Jump to content


  • Content count

  • Joined

  • Last visited

Everything posted by Snafflehunter

  1. 3 Lost on Mount Hood

    Not that this thread needs another post, but I thought I'd share some of my own opinions on the matter. I just heard a radio show (AM 570) discussing how irresponsible these climbers were attempting the mountain in December. They were saying that the people who were searching for the trio all had families and are being put in harms way. These guys aren't ballet instructors, they're professional mountaineers trained in mountaineering, medicine, and assessment of environmental variables. If I'm not mistaken, SAR is a completely voluntary service. Nobody is forced to participate, and I kind of doubt that any of the SAR members feel that way. Furthermore, SAR members are climbers and skiiers in their sparetime, and I'm quite sure there are at least a couple on the team who have summitted Hood (and other PNW mountains) in December - and don't think it's irresponsible. The idea that nobody should climb Hood in December is ridiculous to me, and anyone who believes that doesn't have a clue what they're talking about. The fact is, climbing is a year-round sport. That will never change. If these guys were skiing in the backcountry and got into trouble, would everyone say how irresponsible they were for going out on skis on... SNOW in ... DECEMBER and risking theirs and others' lives for the sake of recreation? No way. Granted, there are many climbers who would not have chosen the first week of December following a series of serious storms to make the climb (I'd probably wait until February when there's traditionally a nice stretch of clear, mild weather), but I'm not training for Everest either and I may not be as qualified as these guys were. Saying that Hood (or other mountains) shouldn't be climbed in December is about as dumb as saying pleasure pilots shouldn't fly in airplanes over mountain ranges or bodies of water in December. If the plane crashes, that selfish pleasure pilot will have put many rescuers' lives in danger, all for the sake of a scenic ride. You're not going to get people to stop climbing mountains in December. The mountains belong to everyone.
  2. glacier peak

    Myself and a group of 8 are heading over there this weekend. I'll let you know conditions when we get back.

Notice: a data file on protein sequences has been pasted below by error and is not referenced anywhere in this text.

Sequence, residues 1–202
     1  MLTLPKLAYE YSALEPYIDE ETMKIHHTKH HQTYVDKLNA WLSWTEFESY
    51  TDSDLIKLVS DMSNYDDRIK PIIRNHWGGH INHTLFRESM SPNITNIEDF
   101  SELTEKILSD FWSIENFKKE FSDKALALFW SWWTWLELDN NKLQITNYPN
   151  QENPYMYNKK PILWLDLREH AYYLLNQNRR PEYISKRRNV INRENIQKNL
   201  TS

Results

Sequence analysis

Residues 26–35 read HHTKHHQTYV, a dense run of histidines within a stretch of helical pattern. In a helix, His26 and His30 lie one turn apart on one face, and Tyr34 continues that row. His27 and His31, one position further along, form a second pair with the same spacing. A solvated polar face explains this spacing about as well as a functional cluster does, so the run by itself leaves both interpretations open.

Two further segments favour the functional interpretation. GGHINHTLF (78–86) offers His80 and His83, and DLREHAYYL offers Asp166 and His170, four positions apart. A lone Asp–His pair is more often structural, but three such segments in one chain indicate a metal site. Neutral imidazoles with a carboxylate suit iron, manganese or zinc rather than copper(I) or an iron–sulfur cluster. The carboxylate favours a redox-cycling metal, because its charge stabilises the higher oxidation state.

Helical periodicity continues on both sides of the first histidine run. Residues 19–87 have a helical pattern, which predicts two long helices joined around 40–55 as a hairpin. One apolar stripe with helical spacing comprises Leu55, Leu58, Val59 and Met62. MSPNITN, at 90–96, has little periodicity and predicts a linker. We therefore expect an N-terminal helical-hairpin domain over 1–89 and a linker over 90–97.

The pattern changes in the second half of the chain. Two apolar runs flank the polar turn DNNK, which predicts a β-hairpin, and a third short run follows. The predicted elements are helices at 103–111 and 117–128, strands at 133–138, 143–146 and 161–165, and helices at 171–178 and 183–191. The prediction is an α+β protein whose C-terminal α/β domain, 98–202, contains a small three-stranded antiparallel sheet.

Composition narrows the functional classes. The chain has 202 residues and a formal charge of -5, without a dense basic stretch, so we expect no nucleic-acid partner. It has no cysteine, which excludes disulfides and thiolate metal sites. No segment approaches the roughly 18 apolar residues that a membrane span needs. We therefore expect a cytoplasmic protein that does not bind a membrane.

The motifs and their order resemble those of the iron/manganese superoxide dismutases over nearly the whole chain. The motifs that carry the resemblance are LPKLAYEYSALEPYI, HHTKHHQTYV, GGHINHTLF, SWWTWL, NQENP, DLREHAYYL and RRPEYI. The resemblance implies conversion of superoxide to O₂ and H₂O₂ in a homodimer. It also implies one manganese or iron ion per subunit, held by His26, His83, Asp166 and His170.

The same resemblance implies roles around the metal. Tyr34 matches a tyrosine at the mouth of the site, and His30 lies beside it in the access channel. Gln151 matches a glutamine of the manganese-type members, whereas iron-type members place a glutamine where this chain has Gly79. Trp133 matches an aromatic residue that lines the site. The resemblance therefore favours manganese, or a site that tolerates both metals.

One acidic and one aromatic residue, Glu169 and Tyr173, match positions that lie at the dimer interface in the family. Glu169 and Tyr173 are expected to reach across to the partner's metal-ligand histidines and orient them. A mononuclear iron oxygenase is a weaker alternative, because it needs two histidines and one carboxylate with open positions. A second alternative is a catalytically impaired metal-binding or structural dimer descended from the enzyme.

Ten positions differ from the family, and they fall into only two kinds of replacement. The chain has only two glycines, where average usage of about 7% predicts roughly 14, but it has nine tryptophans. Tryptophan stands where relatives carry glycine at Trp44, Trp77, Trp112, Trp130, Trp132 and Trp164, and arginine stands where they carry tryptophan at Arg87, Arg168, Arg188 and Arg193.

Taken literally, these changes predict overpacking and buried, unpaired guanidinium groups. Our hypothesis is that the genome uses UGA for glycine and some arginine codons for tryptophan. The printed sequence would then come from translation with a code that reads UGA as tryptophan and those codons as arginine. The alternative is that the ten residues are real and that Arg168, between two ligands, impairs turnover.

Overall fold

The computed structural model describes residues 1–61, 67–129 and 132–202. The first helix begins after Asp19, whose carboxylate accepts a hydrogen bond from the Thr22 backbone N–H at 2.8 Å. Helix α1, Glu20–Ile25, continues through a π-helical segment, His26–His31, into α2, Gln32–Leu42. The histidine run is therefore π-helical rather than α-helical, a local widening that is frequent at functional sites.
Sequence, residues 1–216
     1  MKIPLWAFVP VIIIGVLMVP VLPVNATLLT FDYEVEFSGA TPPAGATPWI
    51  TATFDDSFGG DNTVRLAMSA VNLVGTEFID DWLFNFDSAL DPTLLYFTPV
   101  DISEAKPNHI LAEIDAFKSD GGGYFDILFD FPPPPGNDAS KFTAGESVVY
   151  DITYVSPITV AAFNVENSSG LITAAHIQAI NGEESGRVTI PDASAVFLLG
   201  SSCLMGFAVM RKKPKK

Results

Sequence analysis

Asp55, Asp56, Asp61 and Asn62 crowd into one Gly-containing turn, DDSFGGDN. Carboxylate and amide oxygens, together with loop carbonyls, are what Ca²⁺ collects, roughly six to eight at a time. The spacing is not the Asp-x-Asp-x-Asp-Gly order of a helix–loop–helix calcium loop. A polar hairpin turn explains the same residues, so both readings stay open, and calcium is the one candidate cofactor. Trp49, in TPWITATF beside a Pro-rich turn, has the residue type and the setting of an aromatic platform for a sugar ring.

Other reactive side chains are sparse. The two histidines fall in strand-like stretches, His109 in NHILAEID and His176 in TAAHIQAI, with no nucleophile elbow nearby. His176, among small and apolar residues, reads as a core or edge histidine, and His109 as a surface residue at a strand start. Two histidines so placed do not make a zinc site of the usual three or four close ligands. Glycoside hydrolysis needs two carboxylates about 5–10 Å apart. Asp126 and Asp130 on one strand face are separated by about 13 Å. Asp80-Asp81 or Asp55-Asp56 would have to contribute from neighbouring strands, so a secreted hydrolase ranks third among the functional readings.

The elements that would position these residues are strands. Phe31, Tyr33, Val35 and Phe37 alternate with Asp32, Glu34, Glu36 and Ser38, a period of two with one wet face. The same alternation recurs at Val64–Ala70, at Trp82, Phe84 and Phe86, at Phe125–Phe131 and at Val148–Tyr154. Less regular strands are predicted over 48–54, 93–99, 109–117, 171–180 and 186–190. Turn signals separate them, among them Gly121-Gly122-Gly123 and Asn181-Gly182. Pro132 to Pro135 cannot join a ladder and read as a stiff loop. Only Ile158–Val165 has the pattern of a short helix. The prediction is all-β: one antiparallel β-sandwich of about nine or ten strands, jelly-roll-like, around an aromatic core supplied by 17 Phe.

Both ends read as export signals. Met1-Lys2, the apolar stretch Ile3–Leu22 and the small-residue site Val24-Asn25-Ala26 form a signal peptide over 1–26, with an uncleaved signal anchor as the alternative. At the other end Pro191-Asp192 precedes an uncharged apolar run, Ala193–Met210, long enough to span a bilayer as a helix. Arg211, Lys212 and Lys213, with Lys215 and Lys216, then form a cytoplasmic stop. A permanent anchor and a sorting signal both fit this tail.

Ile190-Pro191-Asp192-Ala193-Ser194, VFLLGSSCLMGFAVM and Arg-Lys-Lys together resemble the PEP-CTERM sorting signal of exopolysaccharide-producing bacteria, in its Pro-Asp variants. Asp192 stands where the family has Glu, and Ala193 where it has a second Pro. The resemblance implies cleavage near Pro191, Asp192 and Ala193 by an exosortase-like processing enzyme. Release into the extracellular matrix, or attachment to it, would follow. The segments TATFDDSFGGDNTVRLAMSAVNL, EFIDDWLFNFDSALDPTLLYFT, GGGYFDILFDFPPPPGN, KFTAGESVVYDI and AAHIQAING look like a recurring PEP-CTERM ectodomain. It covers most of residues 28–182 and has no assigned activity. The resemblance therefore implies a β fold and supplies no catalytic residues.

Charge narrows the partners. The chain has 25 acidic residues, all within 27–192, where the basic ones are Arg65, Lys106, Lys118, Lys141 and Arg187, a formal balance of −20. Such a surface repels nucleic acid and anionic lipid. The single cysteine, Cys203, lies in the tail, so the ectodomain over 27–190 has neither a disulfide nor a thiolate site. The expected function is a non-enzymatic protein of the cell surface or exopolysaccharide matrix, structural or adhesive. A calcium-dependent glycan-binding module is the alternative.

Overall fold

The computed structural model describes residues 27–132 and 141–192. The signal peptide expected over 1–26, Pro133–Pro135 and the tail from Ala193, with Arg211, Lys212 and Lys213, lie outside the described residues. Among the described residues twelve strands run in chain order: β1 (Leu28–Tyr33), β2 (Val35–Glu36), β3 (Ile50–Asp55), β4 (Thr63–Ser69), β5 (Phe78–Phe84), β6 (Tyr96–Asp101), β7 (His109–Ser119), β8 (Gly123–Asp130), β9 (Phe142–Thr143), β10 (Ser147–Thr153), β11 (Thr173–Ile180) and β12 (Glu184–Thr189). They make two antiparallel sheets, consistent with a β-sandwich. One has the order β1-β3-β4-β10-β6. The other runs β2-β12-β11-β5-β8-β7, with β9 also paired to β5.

3. Coffee prevents 'Cirrhosis by alcohol'?

    http://www.msnbc.msn.com/id/13281392/ Pub clubbers rejoice.
  4. Rack for Forbidden W. Ridge

    OK .. I'll bite, Sky. First of all, I've met you before. You seem like an alright guy. I like your trip reports and you do some hard core crazy type shit. Awesome. But let's be real about it. You say its a pretty petty beef. I agree. It is. But nevertheless, my point is a valid one. You shouldn't be on this board offering advice to people if you haven't stepped foot on the route. This website maybe the only place on earth where people would disagree with that statement. If I were asking advice on a route, I would expect the decency of an honest answer. If someone is blowing smoke up my ass and leading me to believe they know what they're talking about when they don't, then I'd be glad that someone alerted me to the fact outwardly. Is someone going to die because they were suggested the wrong rack for the W. Ridge of Forbidden? Probably not. Am I implying that? Not in the slightest. We all know that asking for 'beta' on this website is akin to asking for legal advice at the office water cooler. You're going to get some good opinions, and some bad ones. But .. if you are intentionally bullshitting an entire community and someone knows about it, then expect to be called on it. I sure as hell would. But that's just me I guess... I don't post on here to lie to people and get brownie points with my compadres for climbing a bunch of routes that I actually haven't. Take it for what it's worth. If you think the beef is petty .. fine, then don't listen to what I'm saying. You have your opinion and I have mine. Is cascadeclimbers.com "the pacific northwest climbers resource" or a bunch of yahoo armchair climbers who like to type funny little messages more than they like to get out and climb? If the latter, keep on keeping on. If this site wants an ounce of respect from newcomers, then do the right thing and give people honest advice when they ask for it. If all this makes me a hater, then so be it.
  5. Rack for Forbidden W. Ridge

    OK, done with this thread. Didn't mean to offend anyone (except for Harry).
  6. Rack for Forbidden W. Ridge

    He who hasn't climbed the route knows who he is. And just because you're "quite sure" of something doesn't mean shit.
  7. Rack for Forbidden W. Ridge

    I don't mean to play shrink, Harry, but what exactly is the point of your post? Is it due to the size of your penis? Everyone knows you are a wee little guy, but now we're beginning to see how wee your wee wee is. BTW .. I like to use a cotton windshirt. No hard feelings? EDIT: Get it? No hard feelings .. small wee wee!!!!! Ahh, forget it.
  8. Rack for Forbidden W. Ridge

    Not quite as "core" as 2064 posts on this website in less than 2 years though, right Napoleon? Who knows how many posts you have as other avatars. Take your lips off mommies tit and get outside. Now that I have your attention, put your thinking cap on and reread what I wrote again and again until you can finally understand that I was attempting to clarify that I (unlike others on this thread offering advice on what to bring on the climb) have actually climbed the route.
  9. Rack for Forbidden W. Ridge